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  • Tesla Motors higher on Apple enthusiasm [View news story]
    The premarket rally had nothing to do with the Apple meeting. Tesla has already chosen Android for their on board OS. Tesla's earnings are coming up and the stock needed some juicing before it heads down to reality on the 19th.
    Feb 18 11:03 PM | Likes Like |Link to Comment
  • Gold higher amid Yellen testimony; eyes $1,300 [View news story]
    Seems like gold is the hedge now rather than VIX and long volatility ETFs.
    Feb 11 12:57 PM | Likes Like |Link to Comment
  •, Inc. misses by $0.18, misses on revenue [View news story]
    A $239 million dollar profit over the whole year--wow, kind of pathetic! Apple makes that much profit every day and a half--$13 billion for a quarter, 13 weeks in a quarter, $1 billion a week, $140 million a day!
    While I love the convenience of Amazon, I cringe at the end game of retail shopping that Amazon is chasing: destruction of all local mom and pop stores via cutthroat pricing and the eventual monopoly for goods that they need so they can finally raise prices and become profitable. Not a world I'd like to live in.
    Jan 30 05:21 PM | Likes Like |Link to Comment
  • Apple beats estimates, but guidance disappoints [View news story]
    I think you are right as well--<$500 during conference call. Retail and the man on the street are long Apple and Wall Street could not resist selling expensive calls to us. Perhaps after the big boys cash out their puts tomorrow, the stock will slowly begin to rise again. The complicating factor is that since the Nasdaq is so heavily weighted with AAPL, the broad market selloff could continue bringing all stocks down, keeping AAPL down as well. We shall see.
    Jan 27 05:07 PM | 1 Like Like |Link to Comment
  • Stocks snap five-day losing streak, S&P closes shy of 1700 [View news story]
    I assume the run up was algo-controlled with low volume so shorts can be in place for tomorrow morning. The VIX and its futures haven't risen either. Nor has there been large put activity on SPY. These days the big boys have no reason to go long volatility ahead of time as they can front run at cheaper prices. I can't believe this complacency over debt ceiling can last much longer. You'd think the big boys would want to sell overpriced VIX calls so they can crush volatility on Monday afternoon when a deal comes through. Perhaps gold will be the hedge instead of puts and VIX products. We shall see.
    Sep 26 11:19 PM | 1 Like Like |Link to Comment
  • Apple's New 64-Bit ARM A7 Chip Is Absolutely Amazing [View article]
    Good article, though will mostly appeal only to techies. As a longtime Mac user (almost 20 years), I'm hoping they deliver the new Mac Pro soon with the best specs of any consumer desktop. Apple's original core business, macs, has been innovatively stagnant for a few years now. Releasing a seriously powerful workstation would beef up the company's prestige not just as a tech leader in mobile consumer products but as a high end computer manufacturer for creative pros and scientists as well.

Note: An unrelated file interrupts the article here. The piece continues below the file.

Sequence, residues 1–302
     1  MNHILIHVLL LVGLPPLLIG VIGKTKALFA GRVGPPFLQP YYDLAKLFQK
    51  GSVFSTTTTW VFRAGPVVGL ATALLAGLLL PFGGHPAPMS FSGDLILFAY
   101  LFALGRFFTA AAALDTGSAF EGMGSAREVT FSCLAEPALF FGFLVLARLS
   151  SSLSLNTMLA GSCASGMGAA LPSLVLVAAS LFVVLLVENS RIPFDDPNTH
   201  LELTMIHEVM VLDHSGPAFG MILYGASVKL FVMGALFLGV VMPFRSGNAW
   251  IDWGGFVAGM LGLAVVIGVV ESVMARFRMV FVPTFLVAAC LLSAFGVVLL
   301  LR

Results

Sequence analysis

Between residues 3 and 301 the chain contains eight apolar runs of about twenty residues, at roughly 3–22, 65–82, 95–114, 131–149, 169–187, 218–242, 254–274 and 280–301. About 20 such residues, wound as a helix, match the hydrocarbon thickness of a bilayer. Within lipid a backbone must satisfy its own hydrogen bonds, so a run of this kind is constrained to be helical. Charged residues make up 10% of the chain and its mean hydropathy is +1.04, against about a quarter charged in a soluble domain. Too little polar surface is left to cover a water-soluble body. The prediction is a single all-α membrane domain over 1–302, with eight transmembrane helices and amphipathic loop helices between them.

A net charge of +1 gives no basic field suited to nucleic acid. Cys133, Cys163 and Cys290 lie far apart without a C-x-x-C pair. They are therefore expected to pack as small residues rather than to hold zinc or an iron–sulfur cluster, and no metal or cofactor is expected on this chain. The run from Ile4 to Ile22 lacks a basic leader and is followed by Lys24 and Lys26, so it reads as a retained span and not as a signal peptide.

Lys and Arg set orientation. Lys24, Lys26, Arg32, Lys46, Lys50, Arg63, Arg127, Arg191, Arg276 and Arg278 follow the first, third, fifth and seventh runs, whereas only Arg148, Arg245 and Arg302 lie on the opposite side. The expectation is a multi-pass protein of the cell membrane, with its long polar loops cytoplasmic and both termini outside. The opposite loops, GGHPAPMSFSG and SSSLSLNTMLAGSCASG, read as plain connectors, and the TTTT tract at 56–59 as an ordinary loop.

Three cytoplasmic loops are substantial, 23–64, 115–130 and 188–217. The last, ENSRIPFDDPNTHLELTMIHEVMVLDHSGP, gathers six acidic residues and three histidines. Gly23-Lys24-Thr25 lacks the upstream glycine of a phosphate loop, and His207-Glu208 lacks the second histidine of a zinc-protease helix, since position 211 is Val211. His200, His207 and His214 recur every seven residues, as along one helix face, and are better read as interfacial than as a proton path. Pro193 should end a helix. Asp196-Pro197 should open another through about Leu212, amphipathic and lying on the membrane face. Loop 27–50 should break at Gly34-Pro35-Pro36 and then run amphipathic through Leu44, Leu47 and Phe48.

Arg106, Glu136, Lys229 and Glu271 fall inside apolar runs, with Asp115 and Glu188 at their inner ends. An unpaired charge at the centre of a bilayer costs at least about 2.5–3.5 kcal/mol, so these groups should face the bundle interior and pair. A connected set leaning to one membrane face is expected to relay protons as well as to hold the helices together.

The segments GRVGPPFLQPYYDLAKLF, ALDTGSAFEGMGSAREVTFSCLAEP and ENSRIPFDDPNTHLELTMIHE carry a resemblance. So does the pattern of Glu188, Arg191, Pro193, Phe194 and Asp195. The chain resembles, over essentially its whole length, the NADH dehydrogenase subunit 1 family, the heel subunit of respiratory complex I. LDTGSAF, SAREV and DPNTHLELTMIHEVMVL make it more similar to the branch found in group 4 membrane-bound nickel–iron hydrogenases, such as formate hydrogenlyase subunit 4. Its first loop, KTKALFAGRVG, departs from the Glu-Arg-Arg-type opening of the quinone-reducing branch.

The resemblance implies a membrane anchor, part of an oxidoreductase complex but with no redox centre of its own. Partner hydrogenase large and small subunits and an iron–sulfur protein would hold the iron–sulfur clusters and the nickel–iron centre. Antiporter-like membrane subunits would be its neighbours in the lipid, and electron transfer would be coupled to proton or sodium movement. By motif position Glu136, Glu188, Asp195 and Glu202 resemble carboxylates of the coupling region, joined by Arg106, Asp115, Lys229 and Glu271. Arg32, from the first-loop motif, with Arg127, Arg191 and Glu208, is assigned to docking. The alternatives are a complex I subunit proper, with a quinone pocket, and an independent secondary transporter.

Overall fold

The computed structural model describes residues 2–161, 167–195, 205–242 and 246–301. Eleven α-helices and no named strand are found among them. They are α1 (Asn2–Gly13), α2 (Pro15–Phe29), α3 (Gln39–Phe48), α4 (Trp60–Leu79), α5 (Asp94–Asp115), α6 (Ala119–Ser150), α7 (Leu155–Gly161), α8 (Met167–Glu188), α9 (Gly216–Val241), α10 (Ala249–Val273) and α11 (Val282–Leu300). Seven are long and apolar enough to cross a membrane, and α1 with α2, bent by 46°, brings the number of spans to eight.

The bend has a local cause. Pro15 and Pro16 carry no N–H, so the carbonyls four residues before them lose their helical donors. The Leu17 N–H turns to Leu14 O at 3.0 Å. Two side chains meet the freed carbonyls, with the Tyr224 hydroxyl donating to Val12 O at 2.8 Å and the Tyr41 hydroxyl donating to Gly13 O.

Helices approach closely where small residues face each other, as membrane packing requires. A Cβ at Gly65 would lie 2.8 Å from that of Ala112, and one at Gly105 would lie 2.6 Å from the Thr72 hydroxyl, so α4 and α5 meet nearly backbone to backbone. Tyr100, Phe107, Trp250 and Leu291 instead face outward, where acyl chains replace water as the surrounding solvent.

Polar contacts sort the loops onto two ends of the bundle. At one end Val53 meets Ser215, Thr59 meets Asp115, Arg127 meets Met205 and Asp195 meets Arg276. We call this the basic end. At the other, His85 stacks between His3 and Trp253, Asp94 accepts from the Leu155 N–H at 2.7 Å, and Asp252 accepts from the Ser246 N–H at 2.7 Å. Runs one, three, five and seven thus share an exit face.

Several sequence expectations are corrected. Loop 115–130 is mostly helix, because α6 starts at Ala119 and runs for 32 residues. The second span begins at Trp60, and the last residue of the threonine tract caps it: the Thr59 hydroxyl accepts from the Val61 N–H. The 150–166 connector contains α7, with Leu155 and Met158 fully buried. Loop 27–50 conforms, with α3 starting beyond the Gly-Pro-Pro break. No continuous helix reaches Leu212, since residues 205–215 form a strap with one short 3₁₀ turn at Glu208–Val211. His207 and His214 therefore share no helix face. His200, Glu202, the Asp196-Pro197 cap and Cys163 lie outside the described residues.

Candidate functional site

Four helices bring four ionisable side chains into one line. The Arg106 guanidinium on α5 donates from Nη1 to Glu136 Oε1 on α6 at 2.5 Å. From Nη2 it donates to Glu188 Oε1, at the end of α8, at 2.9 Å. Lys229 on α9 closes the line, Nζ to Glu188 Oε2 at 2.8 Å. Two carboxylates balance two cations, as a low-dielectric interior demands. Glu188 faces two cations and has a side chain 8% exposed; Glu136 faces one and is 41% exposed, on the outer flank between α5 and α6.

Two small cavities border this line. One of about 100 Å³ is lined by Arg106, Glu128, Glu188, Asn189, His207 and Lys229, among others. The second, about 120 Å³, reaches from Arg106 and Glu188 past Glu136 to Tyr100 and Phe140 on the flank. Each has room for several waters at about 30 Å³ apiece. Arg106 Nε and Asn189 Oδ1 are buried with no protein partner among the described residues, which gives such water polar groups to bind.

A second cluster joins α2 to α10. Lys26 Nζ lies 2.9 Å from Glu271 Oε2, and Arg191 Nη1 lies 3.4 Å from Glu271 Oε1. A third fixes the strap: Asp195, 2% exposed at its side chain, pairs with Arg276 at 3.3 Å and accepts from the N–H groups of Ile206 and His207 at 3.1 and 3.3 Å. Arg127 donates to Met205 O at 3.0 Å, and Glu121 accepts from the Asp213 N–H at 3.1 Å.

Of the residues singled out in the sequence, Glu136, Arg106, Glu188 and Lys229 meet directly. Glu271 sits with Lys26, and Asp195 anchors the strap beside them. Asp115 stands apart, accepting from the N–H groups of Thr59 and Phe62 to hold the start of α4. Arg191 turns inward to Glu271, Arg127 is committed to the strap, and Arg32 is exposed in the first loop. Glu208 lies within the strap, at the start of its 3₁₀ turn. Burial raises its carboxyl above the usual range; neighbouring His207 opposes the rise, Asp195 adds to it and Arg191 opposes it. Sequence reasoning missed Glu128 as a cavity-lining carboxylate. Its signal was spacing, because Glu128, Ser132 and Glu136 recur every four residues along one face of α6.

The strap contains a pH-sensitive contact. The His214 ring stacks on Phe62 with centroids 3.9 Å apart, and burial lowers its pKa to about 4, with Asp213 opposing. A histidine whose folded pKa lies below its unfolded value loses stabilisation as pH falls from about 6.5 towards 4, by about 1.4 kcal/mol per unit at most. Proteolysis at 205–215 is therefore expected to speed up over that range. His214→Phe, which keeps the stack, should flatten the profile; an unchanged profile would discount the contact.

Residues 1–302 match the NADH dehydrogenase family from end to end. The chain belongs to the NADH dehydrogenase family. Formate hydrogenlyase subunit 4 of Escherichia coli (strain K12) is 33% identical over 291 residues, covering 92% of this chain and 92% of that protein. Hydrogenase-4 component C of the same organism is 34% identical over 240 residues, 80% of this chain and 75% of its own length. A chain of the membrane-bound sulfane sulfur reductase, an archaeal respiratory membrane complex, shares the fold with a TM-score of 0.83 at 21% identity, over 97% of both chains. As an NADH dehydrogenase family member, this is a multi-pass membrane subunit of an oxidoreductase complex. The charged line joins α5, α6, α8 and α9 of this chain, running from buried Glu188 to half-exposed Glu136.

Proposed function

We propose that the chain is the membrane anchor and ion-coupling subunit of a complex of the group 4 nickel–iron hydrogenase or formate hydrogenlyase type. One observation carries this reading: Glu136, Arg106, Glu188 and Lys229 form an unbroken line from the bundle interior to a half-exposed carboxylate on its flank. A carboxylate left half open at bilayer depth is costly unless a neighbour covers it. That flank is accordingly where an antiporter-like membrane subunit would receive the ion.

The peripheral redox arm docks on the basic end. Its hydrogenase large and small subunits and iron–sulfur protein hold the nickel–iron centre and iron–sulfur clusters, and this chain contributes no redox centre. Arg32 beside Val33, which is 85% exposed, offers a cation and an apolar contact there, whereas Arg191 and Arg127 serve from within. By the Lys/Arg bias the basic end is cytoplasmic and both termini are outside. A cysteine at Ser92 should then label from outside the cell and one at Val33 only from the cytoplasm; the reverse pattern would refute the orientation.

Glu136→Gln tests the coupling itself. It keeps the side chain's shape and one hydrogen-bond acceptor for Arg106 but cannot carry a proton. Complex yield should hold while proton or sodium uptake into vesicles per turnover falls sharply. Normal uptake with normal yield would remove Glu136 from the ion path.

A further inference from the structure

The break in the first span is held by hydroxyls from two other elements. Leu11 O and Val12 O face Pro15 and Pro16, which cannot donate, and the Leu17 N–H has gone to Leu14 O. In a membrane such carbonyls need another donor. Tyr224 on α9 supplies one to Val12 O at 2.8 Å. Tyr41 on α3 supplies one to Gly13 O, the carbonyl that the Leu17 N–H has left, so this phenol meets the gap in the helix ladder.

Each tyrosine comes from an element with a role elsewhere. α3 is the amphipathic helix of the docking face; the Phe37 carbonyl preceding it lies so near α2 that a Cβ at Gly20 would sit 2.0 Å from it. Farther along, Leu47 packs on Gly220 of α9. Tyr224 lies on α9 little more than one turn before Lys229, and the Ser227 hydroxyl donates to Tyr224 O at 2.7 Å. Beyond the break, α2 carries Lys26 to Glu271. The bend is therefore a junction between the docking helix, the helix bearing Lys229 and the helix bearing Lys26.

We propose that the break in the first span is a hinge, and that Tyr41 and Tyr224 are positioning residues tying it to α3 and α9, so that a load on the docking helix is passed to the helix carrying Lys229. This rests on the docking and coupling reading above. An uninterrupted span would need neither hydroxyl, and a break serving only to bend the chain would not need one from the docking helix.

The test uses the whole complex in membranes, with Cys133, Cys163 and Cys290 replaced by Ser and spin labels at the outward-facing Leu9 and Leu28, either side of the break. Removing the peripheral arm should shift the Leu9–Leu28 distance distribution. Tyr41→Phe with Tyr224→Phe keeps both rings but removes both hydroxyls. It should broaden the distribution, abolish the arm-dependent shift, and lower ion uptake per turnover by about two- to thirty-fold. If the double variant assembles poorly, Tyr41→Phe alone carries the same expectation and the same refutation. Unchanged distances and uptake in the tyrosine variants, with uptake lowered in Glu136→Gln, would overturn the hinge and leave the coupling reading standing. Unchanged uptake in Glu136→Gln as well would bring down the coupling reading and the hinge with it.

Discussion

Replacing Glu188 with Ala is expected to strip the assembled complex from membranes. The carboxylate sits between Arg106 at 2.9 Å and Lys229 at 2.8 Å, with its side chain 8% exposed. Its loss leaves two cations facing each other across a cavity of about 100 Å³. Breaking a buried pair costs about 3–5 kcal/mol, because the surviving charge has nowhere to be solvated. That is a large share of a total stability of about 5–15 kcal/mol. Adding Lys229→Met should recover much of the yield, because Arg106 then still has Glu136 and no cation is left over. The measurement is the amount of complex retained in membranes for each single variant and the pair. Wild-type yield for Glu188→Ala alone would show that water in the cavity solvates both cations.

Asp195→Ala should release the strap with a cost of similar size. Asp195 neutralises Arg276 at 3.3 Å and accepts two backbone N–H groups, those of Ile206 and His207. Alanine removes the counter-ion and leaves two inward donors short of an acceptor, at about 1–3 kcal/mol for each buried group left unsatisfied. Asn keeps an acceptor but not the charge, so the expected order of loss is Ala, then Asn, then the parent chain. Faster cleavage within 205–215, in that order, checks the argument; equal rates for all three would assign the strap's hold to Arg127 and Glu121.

Sep 19 09:34 AM | Likes Like |Link to Comment
  • Apple: Now The Fun Begins [View article]
    While I am very bullish Apple longterm, I worry about the unfortunate timing of Apple's product launch: right in the midst of the Syria vote and the 9/11 anniversary. Markets are likely to be volatile this week, and though I'm hoping for a 5-10% pop in Apple stock price, I would not be surprised if short sellers push Apple down to $460.
    Sep 8 09:56 PM | Likes Like |Link to Comment
  • Apple: Reality Bites, So Time To Sell [View article]
    I've heard that, too, but out in Mountain View. Of course googlers are given android phones and chromebooks, but they don't necessarily prefer to use them.

    Anyway, your point is taken. I live in Brooklyn and everyday I am out and about on the streets and I see just about 90% iphones and ipads everywhere--parents, hipsters, middle-aged people, and even kids. While it may be true that galaxy now has more bells and whistles, they just don't have the loyalty and investment of the apple community. Between itunes, apps, and computer hardware, the user-friendly ecosystem makes everything easy. People don't just have phones, they have music, movies, books, podcasts, calendars, contacts, apps, and software, and they continue to buy more and deepen their ties to the Apple, virtually guaranteeing future revenue streams.
    Aug 11 09:14 PM | 1 Like Like |Link to Comment
  • Volatility ETFs In A Free Fall: How To Profit [View article]
    Shorting VXX or UVXY is much more profitable, but also much more risky. Shorting UVXY is so popular that shares are nearly impossible to borrow. (A good indicator of the direction of volatility is how hard UVXY is to borrow.) Very experienced traders consider shorting UVXY a gift from the gods because contango and rebalancing and fee drag work doubly in your favor. Just look at the graph since inception in October 2011: from a split-adjusted $18K to $40! The safest strategy is to short UVXY for a few days after a pop in volatility, then cover and wait for the next pop. But I would only do this if you are a real day trader. If you aren't able to watch the market actively then buying and holding XIV is still quite profitable if you loosely monitor the VIX:VXV ratio.
    Jul 25 01:53 PM | Likes Like |Link to Comment
  • Volatility ETFs In A Free Fall: How To Profit [View article]